Controversy at Great Eastern Community Shield
Tampines' three red cards and a controversial penalty retake put referee under the spotlight
|ALBIREX NIIGATA||TAMPINES ROVERS|
|(Soichiro Sakamoto 75, 82)||(Ryutaro Megumi 36)|
Albirex Niigata and Tampines Rovers could hardly have asked for a better stage to kick off the 2017 Great Eastern-Hyundai S.League season yesterday evening.
On the lush green turf of the National Stadium, the two sets of players did battle in the Great Eastern Community Shield, which doubles up as the first S.League game of the season.
What's more, a healthy crowd of 15,480 fans turned up eager to see what the two teams have to offer this term.
In the end, however, the spotlight was stolen by referee Sukhbir Singh.
The man in the middle denied Tampines a goal and, subsequently, flashed the red card to three Tampines players, whose team sensationally collapsed after being 1-0 up to lose 2-1 to Albirex.
The moment of controversy came in the 59th minute.
With Tampines 1-0 up, thanks to Ryutaro Megumi's 36th-minute header, Sukhbir pointed to the spot when Daniel Bennett went down in the Albirex box as the players tussled at a corner-kick.
Up stepped Stags' Croatian forward Ivan Dzoni, who calmly sent an accurate penalty beyond the dive of Albirex goalkeeper Yosuke Nozawa.
But, as the Tampines players wheeled away in celebration, Sukhbir cut short their joy and demanded a retake.
At the second time of asking, former Croatia Under-17 captain Dzoni sent his spot-kick crashing off the upright.
Five minutes after that miss, Sukhbir further incensed Tampines players and supporters when he flashed a second yellow card to Yasir Hanapi for pulling back an opponent.
The referee reached for his red card two more times - first, to Madhu Mohana in the 88th minute for a lunge and then in injury time to Ismadi Mukhtar for what was understood to be an off-the-ball incident.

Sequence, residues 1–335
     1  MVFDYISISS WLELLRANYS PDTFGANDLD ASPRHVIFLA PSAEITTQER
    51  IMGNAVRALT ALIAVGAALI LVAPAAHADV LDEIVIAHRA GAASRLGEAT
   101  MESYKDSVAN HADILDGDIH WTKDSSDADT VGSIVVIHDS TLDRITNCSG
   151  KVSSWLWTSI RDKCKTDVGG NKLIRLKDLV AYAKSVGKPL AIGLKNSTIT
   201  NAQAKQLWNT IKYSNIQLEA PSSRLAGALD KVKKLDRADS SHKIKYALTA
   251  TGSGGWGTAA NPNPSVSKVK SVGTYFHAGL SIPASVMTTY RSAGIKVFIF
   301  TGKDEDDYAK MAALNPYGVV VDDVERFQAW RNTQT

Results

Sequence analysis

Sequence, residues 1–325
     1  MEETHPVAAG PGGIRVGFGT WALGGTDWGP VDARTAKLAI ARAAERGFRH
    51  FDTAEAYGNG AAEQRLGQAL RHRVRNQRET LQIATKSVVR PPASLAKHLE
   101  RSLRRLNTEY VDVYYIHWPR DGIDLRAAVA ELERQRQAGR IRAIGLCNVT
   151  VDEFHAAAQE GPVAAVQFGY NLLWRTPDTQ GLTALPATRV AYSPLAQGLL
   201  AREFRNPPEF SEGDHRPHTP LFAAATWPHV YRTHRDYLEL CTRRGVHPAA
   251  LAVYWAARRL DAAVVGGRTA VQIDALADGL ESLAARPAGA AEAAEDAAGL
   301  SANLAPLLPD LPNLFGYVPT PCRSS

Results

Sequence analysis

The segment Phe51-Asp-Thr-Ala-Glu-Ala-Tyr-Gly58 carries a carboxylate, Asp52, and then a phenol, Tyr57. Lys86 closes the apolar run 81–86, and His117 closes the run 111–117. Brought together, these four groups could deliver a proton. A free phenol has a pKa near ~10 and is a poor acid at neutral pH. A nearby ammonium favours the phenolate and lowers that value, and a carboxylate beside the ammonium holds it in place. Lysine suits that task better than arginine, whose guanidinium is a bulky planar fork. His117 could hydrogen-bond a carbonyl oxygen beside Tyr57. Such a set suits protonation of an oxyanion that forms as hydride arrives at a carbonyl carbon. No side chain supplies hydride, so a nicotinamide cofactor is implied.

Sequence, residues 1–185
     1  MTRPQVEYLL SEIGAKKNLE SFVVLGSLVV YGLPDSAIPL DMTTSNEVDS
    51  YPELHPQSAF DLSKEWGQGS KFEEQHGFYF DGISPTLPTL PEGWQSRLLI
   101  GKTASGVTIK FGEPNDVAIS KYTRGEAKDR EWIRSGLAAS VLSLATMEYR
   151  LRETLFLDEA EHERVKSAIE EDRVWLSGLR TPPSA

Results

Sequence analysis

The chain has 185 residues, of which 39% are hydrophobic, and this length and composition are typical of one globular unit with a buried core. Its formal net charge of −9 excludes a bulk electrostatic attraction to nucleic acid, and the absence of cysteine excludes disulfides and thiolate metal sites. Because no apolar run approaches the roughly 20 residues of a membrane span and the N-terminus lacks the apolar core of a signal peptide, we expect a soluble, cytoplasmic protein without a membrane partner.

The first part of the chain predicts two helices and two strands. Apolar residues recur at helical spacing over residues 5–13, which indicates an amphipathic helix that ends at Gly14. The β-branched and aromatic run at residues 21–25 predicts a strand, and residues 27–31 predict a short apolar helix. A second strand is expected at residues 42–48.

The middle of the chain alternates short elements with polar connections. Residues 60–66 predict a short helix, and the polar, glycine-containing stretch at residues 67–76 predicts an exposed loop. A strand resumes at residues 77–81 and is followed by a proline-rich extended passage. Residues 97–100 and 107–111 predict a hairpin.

CHORUS OF BOOS
At full-time, the match officials left the pitch and disappeared down the tunnel, to a chorus of boos from a section of Tampines supporters.
Stags coach Juergen Raab refused to comment on the red cards, but was apoplectic at the penalty retake.
"For me, we had a benefit, the penalty," said the German.
"So why the decision (to retake)? We scored. What is wrong? Was the opponent too fast (encroaching into the box)?
"Even so, why? We are supposed to have the benefit. I will never understand. That is what I have to say about the referee. About the other decisions, I don't want to say anything."
His players were equally upset.
Said Bennett: "Obviously, Albirex are a good team.
"But we were in the driver's seat and the referee robbed us of a goal. If the (scored) penalty was allowed, that would have changed the game.
"It's about the players on the field, not about the referee.
"You can see what the fans thought about it."
Defender Mustafic Fahrudin added: "It's really frustrating.
"We had a good feeling we could win the game, even though we knew they were going to come back strongly in the second half.
"But that disallowed penalty... Only the referee knows why. From there, tensions rose, and then came the red cards.
"It's a pity. The fans came out in numbers, the football was good but, tomorrow, people will read the papers and see three red cards. They will think it was a dirty game, but it wasn't.
"I'm sorry to say, but the referee spoilt the game. We can accept the defeat, but the way we lost is hard to take."
Albirex coach Kazuaki Yoshinaga admitted that the penalty incident was "an important juncture" of the game, but did not pass judgment on the sending-offs.
"This is football... The red cards that the opponents got were the result of our attacking play," said the 48-year-old.
"We attacked them a lot, their players became more stressed, and that probably resulted in more fouls.
"Whether or not they were deserved, you can decide for yourself."